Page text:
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    Position Lines and a Systematic Error
    From: George Bennett
    Date: 2003 May 28, 17:21 +1000
    Further to my previous message about position fixing, which was probably a bit terse I offer the following additional comments.
                        ------------------------------------------- 
    Consider the situation where a constant systematic error( dh) is present in the observed altitudes.
    First of all assign arrows, indicating azimuth, to all the plotted position lines as described previously.
    Case 1. If two bodies have been observed it is not possible to effect a solution for all three unknowns (Latitude, Longitude and Systematic Error) but we can find the a locus of our position as follows: Draw a circle to touch the position lines such that either both arrows point towards the centre of the circle or both point away. This can only be done in two of the four areas formed by the intersection.  It is obvious that there are an infinite number of circles that can be drawn, and as the centres of the circles are the position of fix, the locus of the fix is along a line joining all those centres. This line of course bisects the angle between the position lines and extends on either side of the intersection.
    Case 2. A fix from three bodies.
    (a) Provided  observations have not been made in an arc of less that 180 degrees the solution lies within the triangle formed by the position lines. Draw a circle within the triangle to touch each line. This can be done without trial and error by bisecting the internal angles of the triangle.  It will be seen that either All the arrows point toward the centre of the circle or ALL point away.The centre of the circle is the fix and the radius of the circle is dh (same scale as intercepts).or
    (b) When observations have been made within an arc of less that 180 degrees the fix lies outside of the triangle in one of the three areas surrounded by the three position lines. We will need to construct a circle to touch each one of the three lines in one of those areas. Without drawing circles imagine where they might lie and choose the area where either All the arrows point inwards  or ALL point away from the area. If you are unsure then sketch the three circles lightly and examine the directions of the arrows. Having decided on the area construct a circle to touch each line. This may be done by bisecting the angles between adjacent position lines.Then proceed as in Case (a).
    Case (3).When more than three bodies have been observed  plot all the position lines with their associated azimuth arrows towards  their ssp's. Draw auxiliary position lines at a distance (D) on the side either ALL towards their ssp's or ALL away from their ssp's. Choose a distance such that the auxiliary position lines are well away from the original position lines. If the observations have been made with reasonable accuracy and there are no mistakes in the calculations ALL the arrows should now point in or All point away from the figure formed by the auxiliary position lines. By a process of trial and error draw a circle to touch as closely as possible these lines. The small distance between each line and the circumference of the circle represents the error of observation. I call this process  'eyeball least squares" ie you are trying to get the sum of the squares of the errors to be a minimum. The centre of the circle is the position of fix. The systematic error in the altitude is the difference between the radius of the circle and the distance (D). If this difference is very small it is unlikely that a systematic error in altitude was present.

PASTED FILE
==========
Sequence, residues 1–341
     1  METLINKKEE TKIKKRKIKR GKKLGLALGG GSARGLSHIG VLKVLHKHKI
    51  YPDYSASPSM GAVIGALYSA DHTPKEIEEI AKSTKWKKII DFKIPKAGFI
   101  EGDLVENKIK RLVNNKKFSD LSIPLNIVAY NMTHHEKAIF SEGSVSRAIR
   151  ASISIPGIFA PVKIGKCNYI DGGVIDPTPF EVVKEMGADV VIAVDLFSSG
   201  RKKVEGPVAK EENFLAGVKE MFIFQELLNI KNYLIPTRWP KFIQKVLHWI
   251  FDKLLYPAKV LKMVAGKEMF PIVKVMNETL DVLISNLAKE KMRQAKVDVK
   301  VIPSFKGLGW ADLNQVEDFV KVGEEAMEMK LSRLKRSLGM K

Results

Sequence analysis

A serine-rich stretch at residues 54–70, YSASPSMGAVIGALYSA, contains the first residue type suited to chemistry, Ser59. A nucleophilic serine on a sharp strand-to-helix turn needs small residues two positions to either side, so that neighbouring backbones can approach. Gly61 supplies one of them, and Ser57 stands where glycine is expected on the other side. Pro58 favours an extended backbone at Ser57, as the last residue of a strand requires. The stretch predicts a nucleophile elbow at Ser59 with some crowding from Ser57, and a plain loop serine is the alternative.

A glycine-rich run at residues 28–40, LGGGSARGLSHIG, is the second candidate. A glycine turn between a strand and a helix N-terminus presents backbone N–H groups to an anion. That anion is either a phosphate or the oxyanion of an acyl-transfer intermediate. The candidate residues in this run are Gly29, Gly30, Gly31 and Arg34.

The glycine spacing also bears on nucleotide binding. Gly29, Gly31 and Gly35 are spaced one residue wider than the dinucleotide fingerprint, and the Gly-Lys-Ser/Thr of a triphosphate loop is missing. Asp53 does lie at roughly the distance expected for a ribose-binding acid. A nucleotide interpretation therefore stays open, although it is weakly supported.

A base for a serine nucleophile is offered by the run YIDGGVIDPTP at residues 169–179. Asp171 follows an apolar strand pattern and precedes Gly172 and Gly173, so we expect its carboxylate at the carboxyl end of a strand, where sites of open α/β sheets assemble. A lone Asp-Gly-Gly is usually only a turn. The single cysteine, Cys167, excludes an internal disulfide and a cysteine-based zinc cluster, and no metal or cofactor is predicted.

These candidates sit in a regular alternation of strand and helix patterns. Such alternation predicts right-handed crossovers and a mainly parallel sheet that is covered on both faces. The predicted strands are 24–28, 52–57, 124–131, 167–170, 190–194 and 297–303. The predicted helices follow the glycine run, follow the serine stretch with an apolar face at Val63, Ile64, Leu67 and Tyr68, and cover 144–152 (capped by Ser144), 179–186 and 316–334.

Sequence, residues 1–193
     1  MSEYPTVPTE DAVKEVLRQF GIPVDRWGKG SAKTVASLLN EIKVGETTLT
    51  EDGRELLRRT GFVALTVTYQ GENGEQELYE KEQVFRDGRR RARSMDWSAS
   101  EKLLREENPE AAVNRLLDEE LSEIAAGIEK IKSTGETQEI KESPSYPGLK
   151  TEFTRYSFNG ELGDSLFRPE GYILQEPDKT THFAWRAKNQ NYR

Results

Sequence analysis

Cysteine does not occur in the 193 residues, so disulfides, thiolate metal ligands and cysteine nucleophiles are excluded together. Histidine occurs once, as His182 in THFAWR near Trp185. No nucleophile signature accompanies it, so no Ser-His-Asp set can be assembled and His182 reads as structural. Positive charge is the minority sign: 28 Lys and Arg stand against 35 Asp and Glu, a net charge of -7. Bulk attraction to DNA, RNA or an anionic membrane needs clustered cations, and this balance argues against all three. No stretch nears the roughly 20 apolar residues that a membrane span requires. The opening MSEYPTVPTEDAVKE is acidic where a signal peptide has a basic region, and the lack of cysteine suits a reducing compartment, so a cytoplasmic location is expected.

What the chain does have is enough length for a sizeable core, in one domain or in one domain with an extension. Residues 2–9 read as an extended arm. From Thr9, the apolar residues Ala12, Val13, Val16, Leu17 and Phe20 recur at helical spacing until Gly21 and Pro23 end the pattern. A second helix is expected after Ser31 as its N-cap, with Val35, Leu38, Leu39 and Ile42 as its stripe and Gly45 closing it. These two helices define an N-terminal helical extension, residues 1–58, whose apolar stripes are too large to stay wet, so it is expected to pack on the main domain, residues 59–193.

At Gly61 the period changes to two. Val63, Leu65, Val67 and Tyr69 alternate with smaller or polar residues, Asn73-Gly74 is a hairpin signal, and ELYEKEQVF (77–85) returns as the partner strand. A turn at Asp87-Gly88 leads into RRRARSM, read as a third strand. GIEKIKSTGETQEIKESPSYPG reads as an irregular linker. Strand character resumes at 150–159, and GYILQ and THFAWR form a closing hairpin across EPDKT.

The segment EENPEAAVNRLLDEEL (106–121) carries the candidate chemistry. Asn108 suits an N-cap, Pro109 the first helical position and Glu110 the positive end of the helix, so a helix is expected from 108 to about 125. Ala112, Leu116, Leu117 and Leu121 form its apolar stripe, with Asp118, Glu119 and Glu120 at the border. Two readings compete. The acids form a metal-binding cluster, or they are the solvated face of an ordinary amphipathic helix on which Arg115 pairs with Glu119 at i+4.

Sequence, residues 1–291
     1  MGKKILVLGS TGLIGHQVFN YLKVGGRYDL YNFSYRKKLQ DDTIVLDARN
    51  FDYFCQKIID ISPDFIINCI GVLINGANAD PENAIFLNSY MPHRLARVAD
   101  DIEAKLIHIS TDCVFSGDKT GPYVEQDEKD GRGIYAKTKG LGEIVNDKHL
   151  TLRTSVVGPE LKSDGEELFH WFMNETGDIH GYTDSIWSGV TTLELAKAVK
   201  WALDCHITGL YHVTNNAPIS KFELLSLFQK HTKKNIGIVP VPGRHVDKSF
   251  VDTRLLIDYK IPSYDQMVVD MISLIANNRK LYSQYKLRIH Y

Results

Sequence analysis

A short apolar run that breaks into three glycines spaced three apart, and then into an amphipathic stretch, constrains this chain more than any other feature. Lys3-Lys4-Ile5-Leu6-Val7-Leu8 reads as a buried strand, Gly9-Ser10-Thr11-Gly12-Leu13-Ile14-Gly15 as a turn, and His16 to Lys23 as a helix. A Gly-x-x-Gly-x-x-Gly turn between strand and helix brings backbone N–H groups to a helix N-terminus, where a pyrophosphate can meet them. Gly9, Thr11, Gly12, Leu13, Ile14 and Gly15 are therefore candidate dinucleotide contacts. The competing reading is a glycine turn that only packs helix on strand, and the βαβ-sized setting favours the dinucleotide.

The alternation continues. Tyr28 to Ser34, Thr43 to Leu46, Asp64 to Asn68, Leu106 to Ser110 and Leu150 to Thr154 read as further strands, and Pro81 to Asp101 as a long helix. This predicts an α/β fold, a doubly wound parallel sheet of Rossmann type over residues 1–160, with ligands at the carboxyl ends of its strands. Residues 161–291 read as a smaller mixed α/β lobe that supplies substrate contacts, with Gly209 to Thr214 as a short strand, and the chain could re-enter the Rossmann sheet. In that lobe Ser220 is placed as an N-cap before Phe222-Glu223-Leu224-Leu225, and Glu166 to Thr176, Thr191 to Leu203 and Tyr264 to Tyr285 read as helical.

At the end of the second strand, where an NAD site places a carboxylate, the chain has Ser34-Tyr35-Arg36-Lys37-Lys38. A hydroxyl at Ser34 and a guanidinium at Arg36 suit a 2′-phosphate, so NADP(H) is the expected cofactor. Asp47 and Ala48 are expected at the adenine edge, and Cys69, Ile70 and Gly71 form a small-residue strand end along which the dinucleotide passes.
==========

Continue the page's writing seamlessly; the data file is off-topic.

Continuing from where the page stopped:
----------------------------------------------------------- 
    A rigorous solution to fixing position from multiple timed sextant altitude observations has been published by C de Wit in the British Journal of Navigation. The solution requires the operator to make 'a priori' estimates of all possible errors which are then taken into account in a rigorous least squares solution. My personal view is that such rigour is not warranted when we are usually dealing with a small sample and error estimates are very uncertain. What I have described is a convenient approximation to the correct model, which has been shown by long experience to be quite satisfactory for marine navigation.
    I will be leaving for Europe (from OZ) tomorrow and will be away for the whole of June. Therefore I cannot participate in the Group's activities. I will be keen to see if there is any interest in the subject on my return.
    George Bennett.    
       
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